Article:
[R-SIG-Finance] making sense of 100's of funds
patrick at burns-stat.com
Sun Aug 19 11:23:38 CEST 2007
paul sorenson wrote:
>Probably not unsurprisingly, the correlation between the SP200 and the
>global share fund daily returns goes up (from 0.16 to 0.42) when I
>insert a 1 day lag.
There are asynchrony issues with global data, which definitely affect
the correlation (it is too low). Presumably the global return series has
asynchrony issues all by itself.
The working paper for Burns, Engle and Mezrich (1998) is available
That paper talks about the effects of asynchrony and proposes a
method of backing out data without asynchrony. Our investigation
suggested that using weekly data is adequate for avoiding asynchrony
>http://www.metrak.com/tmp/exch10.png has plots produced by ccf().
>Brian - if I want to look at returns over a different period using
>PerformanceAnalytics when the base data is daily, is the normal strategy
>just to undersample prices before calling CalculateReturns?
>I am guessing that the correlation of the SP200 and global share fund
>would increase when looking at a longer time period. I also want to
>compare it with some other data which comes out monthly.
>BTW sorry if I am boring you guys with what must be very basic stuff -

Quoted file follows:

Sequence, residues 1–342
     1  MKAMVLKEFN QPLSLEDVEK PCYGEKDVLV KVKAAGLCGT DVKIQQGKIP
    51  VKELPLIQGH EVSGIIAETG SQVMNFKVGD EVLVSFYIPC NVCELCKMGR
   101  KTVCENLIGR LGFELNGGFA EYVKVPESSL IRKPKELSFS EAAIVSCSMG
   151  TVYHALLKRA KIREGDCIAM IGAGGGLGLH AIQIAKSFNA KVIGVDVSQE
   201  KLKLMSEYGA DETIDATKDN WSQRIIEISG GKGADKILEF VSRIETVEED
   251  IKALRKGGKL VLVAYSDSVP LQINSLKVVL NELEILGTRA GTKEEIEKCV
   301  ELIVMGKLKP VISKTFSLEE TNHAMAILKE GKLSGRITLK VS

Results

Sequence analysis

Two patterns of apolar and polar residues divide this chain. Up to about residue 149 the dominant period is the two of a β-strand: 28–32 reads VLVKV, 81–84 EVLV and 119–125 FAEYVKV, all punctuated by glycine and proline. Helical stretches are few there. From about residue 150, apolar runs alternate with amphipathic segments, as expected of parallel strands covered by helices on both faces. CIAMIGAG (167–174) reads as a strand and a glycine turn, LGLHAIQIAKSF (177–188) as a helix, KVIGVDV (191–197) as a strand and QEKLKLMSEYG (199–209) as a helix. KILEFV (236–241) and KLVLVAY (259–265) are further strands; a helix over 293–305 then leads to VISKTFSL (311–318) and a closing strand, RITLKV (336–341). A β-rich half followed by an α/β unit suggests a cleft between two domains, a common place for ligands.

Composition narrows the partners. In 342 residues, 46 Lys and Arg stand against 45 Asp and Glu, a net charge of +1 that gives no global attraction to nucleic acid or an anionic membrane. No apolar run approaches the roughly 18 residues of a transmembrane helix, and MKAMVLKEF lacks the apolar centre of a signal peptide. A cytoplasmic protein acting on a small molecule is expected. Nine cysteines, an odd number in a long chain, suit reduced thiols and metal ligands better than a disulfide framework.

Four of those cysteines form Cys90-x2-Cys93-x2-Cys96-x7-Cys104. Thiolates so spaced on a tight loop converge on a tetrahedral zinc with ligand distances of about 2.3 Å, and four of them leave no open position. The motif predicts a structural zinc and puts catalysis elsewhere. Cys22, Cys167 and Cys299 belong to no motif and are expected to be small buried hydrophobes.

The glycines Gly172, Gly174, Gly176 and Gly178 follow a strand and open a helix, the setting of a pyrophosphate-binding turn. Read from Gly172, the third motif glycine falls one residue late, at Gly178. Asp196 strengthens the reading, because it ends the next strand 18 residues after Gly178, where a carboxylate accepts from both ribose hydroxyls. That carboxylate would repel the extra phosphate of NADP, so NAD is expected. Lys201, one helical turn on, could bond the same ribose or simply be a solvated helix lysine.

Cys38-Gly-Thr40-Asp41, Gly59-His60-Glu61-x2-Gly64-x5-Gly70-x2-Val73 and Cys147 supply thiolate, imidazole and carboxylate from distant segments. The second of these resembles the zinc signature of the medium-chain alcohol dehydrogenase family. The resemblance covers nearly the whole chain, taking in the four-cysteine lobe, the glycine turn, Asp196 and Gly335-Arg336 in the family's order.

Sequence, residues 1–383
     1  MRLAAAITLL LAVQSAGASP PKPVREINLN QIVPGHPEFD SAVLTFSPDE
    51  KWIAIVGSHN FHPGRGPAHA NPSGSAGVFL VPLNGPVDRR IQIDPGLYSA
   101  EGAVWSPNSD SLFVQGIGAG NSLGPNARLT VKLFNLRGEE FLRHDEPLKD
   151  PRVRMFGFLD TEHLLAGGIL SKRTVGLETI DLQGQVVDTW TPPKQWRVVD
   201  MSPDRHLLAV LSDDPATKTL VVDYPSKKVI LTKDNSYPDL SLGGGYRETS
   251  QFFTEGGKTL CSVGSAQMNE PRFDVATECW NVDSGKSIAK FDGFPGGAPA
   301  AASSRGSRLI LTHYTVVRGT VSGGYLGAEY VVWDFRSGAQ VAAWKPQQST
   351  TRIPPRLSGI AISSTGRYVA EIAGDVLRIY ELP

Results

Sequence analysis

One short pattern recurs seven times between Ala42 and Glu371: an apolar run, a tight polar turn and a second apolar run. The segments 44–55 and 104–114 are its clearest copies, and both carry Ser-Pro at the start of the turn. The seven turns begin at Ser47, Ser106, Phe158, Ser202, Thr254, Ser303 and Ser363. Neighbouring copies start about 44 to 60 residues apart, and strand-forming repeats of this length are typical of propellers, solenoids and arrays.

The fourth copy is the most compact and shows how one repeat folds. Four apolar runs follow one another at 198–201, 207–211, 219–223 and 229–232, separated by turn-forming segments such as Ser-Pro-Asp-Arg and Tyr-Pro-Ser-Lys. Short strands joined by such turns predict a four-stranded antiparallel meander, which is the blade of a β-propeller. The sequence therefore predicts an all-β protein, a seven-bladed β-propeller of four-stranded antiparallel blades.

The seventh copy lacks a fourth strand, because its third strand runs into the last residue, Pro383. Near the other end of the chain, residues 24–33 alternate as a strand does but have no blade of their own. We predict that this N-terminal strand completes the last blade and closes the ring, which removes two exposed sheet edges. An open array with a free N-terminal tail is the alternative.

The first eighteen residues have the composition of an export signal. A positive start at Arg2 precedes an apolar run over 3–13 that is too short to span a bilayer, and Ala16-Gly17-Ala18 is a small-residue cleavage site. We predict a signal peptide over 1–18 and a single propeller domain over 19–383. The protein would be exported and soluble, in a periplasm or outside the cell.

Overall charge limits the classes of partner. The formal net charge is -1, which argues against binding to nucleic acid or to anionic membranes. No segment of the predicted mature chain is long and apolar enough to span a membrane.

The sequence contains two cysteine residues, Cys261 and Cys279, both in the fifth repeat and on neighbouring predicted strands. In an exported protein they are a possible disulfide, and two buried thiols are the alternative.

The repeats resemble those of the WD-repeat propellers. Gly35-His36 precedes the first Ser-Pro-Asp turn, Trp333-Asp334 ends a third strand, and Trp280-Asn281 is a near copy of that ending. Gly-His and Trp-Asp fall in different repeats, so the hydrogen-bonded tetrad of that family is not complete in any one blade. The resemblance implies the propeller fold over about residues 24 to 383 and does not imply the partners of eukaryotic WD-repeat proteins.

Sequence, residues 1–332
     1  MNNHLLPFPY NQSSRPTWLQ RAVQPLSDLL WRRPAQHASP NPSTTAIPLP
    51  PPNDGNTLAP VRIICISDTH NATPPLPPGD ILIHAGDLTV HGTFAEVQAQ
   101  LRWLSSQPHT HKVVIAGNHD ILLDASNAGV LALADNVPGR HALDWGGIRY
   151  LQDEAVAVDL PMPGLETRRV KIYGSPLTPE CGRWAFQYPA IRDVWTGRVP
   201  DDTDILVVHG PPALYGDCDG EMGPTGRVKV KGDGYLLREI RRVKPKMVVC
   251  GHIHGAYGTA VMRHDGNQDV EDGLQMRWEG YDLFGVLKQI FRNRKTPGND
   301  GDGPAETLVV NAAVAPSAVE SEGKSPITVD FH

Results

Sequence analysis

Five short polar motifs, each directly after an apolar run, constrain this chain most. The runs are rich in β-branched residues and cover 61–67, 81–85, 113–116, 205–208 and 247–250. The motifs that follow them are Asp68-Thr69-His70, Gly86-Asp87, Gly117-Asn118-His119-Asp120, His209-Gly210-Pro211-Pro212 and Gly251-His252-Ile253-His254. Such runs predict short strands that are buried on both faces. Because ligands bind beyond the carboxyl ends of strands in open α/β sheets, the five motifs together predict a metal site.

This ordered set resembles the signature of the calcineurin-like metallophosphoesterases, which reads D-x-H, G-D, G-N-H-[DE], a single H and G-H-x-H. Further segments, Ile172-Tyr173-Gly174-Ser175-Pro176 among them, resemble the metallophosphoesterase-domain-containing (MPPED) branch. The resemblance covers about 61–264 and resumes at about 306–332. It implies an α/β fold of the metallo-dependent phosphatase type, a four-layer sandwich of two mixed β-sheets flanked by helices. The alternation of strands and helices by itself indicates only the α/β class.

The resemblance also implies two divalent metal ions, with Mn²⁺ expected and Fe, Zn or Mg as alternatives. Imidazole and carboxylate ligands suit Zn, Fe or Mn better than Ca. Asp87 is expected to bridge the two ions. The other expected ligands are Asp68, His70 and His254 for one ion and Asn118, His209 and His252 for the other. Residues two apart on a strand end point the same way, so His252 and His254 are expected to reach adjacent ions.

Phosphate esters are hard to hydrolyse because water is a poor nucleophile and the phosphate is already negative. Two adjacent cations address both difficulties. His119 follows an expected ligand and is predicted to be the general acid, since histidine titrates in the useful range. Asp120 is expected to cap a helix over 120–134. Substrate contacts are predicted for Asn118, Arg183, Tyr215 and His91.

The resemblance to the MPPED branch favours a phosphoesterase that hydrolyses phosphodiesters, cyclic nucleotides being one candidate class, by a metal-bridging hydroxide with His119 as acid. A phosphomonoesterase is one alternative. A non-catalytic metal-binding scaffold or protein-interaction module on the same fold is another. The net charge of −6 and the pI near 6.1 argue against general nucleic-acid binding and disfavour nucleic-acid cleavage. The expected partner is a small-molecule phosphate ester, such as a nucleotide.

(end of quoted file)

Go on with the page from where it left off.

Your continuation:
>just tell me.
Asynchrony is neither basic (i.e., well-studied) nor very well appreciated.
I don't vote this message boring.
patrick at burns-stat.com
+44 (0)20 8525 0696
(home of S Poetry and "A Guide for the Unwilling S User")
>Brian G. Peterson wrote:
>>paul sorenson wrote:
>>>I ran a pairs plot on the daily fund returns as well as calculating
>>>the correlation coefficient (Pearson).
>>>The pairs plot is reproduced at http://www.metrak.com/tmp/exch09.png
>>>and unless I am missing something, some of these "look" significant
>>>whereas some don't.
>>The pairs plot will certainly show you funds that closely track the
>>index. A quick check of cor() (or the Pearson correlation coefficient)
>>and CAPM.alpha() will do the same. A pairs plot (and to a lesser extent
>>correlation) won't show you anything about systematic out-performance or
>>under-performance, while alpha is a good indicator if the benchmark you
>>choose is indicative of the investment universe of the fund. Another
>>good indicator is Sortino's Upside Potential Ratio, especially if you
>>choose the benchmark index standard deviation as your MAR.
>>CAPM alpha will not be a good indicator if you choose an index that is
>>different from the investment style of the fund. For example, using a
>>SP200 index with a fixed income fund wouldn't make any sense.
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